Building on the experiences of raising all of her own meat and growing and canning much of her own fruits and vegetables, Jessica tries to pass on and teach her students a life-long respect and knowledge for the world around them and the part they play in this world. While many of her students and their parents have always lived in suburbia, the school also houses the district's ELL elementary students, many of whom have farming backgrounds or their parents have farming backgrounds. These students bring a different perspective to her classroom.
Jessica’s and Alan’s farm is located in Russell, the next town over from where they live in Westfield. They purchased the land in 2003 with the intention of building a home there. They married in 2004 in the field. The farming piece started with hatching chicks in the classroom, when she decided to keep them as part of an egg laying flock. To the hatched white leghorns, they added seven other chicks of other varieties. That first flock had just 15 chickens and now the laying flock consists of around 80 chickens, 4 turkeys, and 6 guinea fowl, and 13 ducks.
Of course, that first batch of chicks had many roosters (too many for such a small flock) and the extras became dinners. Jessica says “This was the first time I had to look my food in the eye and take care of it personally. It was one of the hardest things I've ever done, but I have developed a whole new level of respect for my food.” Since then, Jess will not buy or eat any conventionally raised meat. They raise all of our own meat poultry (chickens, turkeys, ducks) and now pigs as well. This allows them to ensure that the animals who will become their food will have a happy, healthy existence where they can be outside in the sun and fresh air, have adequate space, eat grass (and other tasty plants) and bugs. She tells us “I respect and value their lives too much to accept anything less. Plus, I feel the meat our animals produce is of a higher quality when compared to conventionally raised.”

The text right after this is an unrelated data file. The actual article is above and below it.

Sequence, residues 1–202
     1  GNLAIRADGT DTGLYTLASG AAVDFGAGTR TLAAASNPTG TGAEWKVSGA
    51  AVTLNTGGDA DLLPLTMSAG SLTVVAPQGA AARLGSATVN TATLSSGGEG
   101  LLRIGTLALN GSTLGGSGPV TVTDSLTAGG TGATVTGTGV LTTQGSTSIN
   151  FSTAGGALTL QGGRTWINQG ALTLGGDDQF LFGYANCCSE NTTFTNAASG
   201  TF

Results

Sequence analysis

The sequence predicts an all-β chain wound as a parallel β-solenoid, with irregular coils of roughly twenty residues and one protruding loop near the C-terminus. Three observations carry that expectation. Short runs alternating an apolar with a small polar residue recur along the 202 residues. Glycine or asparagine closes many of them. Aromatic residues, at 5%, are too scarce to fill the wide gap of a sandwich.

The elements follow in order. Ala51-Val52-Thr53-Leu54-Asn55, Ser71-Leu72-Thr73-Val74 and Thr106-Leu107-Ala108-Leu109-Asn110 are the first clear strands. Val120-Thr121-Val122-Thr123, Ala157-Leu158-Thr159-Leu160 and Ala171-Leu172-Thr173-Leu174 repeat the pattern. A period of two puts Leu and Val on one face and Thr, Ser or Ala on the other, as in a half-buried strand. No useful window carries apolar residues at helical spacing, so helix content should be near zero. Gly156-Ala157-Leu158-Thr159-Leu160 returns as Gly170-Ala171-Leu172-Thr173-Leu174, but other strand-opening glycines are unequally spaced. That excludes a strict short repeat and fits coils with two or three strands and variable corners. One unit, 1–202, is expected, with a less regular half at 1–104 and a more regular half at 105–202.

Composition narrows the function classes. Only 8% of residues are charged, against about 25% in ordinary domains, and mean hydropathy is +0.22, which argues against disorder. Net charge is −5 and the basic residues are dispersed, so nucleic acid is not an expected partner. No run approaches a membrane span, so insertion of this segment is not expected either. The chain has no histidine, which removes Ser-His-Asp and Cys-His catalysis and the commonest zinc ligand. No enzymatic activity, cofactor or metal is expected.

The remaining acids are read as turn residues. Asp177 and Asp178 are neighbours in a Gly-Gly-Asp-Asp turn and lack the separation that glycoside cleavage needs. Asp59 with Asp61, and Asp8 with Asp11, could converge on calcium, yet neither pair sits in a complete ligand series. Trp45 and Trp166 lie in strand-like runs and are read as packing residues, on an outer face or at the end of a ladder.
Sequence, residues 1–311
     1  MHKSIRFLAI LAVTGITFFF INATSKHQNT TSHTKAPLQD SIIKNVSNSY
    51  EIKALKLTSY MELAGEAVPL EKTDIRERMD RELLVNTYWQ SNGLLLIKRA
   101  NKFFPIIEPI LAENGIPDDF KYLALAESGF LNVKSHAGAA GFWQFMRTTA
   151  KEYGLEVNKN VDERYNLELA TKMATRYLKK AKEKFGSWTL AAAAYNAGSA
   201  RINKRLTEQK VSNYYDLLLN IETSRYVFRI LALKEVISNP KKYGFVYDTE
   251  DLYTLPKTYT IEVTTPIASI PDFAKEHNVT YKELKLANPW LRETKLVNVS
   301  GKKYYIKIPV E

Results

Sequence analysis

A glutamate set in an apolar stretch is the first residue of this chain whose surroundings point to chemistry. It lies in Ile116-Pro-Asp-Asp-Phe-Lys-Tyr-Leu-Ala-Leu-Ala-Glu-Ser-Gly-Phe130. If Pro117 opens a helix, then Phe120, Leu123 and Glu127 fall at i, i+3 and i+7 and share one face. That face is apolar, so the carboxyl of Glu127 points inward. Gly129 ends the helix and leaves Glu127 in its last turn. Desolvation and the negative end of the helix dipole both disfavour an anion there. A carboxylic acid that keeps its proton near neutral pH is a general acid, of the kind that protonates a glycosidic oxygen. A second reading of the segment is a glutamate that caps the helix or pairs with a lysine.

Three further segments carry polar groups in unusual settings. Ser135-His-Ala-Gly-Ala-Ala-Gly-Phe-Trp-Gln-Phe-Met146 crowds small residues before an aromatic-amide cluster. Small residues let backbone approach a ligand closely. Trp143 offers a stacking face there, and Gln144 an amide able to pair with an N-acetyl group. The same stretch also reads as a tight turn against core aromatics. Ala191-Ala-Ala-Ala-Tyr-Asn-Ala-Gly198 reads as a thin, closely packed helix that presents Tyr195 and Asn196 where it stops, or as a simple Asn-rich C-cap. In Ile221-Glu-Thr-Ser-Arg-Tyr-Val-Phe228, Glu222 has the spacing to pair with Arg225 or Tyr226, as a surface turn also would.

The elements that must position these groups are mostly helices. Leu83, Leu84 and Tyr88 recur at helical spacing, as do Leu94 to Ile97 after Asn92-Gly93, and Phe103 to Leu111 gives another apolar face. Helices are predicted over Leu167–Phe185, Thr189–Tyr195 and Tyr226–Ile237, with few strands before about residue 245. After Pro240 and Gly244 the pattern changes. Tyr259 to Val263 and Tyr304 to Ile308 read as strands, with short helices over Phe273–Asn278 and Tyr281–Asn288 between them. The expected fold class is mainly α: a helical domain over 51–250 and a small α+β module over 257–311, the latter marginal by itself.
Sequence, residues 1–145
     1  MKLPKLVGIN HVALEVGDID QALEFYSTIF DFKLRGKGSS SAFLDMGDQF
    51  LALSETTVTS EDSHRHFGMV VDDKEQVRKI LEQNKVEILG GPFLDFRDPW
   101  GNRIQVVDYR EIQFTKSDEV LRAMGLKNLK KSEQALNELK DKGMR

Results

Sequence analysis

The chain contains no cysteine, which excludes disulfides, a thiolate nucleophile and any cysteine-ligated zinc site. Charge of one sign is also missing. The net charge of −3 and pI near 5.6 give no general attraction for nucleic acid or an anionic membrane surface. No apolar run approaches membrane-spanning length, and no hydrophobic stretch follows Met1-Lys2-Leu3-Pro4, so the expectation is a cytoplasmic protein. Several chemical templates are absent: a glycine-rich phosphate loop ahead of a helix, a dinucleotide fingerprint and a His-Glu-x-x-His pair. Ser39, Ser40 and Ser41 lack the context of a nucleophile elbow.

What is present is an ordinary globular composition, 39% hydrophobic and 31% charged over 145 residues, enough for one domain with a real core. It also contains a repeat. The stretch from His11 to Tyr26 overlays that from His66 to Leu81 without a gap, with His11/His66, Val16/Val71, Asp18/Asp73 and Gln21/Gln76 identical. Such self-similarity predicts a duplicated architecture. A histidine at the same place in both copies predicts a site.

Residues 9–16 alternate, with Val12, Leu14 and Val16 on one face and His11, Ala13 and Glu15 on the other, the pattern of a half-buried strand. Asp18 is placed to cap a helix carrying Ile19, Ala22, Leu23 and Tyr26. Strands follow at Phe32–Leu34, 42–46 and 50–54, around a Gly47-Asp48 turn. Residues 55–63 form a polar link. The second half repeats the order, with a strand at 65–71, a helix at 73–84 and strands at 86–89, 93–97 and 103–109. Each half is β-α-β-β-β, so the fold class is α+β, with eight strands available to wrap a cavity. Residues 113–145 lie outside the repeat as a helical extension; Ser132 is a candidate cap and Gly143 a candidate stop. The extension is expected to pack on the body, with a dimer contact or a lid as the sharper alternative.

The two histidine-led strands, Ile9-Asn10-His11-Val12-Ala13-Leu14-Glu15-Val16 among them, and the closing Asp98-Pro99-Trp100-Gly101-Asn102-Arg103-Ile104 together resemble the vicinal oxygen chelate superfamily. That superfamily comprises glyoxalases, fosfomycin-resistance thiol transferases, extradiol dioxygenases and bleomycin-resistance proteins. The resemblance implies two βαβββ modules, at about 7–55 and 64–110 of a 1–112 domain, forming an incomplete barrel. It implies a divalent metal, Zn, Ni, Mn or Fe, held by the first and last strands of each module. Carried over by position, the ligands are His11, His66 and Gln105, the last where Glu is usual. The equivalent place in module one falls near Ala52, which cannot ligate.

The small amount of beef they eat comes from another local farm with similar values. They also purchase milk from a local grass-based dairy. They are all about humane treatment and respect for the animals. Jessica lives by the philosophy “It is out of this respect that I share my love of hatching, raising, and keeping chickens. I feel if more people were educated about where their food comes from, more people would demand change -- change in the grocery store and therefore change on their dinner plates.”
Because of this deep respect for raising her own food, Jessica blogs about the farm and her experiences, and also enjoys helping other teachers start their own embryology projects. It offers her a chance to pass on the knowledge and hopefully the passion!
Jessica does hatch chicks every year with her students, and this last school year they hatched turkey poults and guinea fowl keets as well. She is passionate about keeping these animals and feels any time you can share something you love with your students, they can tell and the excitement is contagious. You get a higher level of buy in and investment from your students.
Jessica has also brought students to the local farmers' market. She used the trip to introduce the idea of getting kids interested in eating healthier, understanding seasonality, and valuing where their food comes from. Along this same thought of knowing where your food comes from and how it is produced, she has brought in maple sap collected from one of the taps on her farm, which they boiled down into maple syrup.